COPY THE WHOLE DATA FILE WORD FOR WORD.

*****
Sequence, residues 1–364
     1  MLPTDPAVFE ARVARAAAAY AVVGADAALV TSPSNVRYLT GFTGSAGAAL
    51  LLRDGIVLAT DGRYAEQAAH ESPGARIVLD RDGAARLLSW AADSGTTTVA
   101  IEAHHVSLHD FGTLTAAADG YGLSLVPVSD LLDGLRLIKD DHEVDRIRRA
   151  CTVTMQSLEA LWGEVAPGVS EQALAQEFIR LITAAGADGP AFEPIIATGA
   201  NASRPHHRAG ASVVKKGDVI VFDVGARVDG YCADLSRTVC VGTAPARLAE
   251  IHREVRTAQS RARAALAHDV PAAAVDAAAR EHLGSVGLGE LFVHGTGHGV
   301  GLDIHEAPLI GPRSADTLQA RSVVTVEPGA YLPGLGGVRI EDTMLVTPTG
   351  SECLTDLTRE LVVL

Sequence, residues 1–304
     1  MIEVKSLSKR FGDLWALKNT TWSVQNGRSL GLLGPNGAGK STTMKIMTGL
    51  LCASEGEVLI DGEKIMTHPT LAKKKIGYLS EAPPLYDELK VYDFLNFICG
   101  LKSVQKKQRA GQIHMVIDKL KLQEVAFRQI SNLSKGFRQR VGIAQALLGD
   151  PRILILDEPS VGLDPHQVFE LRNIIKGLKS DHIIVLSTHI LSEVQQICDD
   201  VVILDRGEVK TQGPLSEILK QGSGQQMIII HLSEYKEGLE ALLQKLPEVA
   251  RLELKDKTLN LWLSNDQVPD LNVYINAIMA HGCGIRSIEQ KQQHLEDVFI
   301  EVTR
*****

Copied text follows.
Sequence, residues 1–364
     1  MLPTDPAVFE ARVARAAAAY AVVGADAALV TSPSNVRYLT GFTGSAGAAL
    51  LLRDGIVLAT DGRYAEQAAH ESPGARIVLD RDGAARLLSW AADSGTTTVA
   101  IEAHHVSLHD FGTLTAAADG YGLSLVPVSD LLDGLRLIKD DHEVDRIRRA
   151  CTVTMQSLEA LWGEVAPGVS EQALAQEFIR LITAAGADGP AFEPIIATGA
   201  NASRPHHRAG ASVVKKGDVI VFDVGARVDG YCADLSRTVC VGTAPARLAE
   251  IHREVRTAQS RARAALAHDV PAAAVDAAAR EHLGSVGLGE LFVHGTGHGV
   301  GLDIHEAPLI GPRSADTLQA RSVVTVEPGA YLPGLGGVRI EDTMLVTPTG
   351  SECLTDLTRE LVVL

Sequence, residues 1–304
     1  MIEVKSLSKR FGDLWALKNT TWSVQNGRSL GLLGPNGAGK STTMKIMTGL
    51  LCASEGEVLI DGEKIMTHPT LAKKKIGYLS EAPPLYDELK VYDFLNFICG
   101  LKSVQKKQRA GQIHMVIDKL KLQEVAFRQI SNLSKGFRQR VGIAQALLGD
   151  PRILILDEPS VGLDPHQVFE LRNIIKGLKS DHIIVLSTHI LSEVQQICDD
   201  VVILDRGEVK TQGPLSEILK QGSGQQMIII HLSEYKEGLE ALLQKLPEVA
   251  RLELKDKTLN LWLSNDQVPD LNVYINAIMA HGCGIRSIEQ KQQHLEDVFI
   301  EVTR